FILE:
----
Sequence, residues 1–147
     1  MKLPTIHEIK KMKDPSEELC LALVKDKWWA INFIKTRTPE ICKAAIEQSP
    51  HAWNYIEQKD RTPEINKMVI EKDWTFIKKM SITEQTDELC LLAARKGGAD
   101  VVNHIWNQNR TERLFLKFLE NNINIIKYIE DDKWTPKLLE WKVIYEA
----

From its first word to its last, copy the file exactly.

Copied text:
Sequence, residues 1–147
     1  MKLPTIHEIK KMKDPSEELC LALVKDKWWA INFIKTRTPE ICKAAIEQSP
    51  HAWNYIEQKD RTPEINKMVI EKDWTFIKKM SITEQTDELC LLAARKGGAD
   101  VVNHIWNQNR TERLFLKFLE NNINIIKYIE DDKWTPKLLE WKVIYEA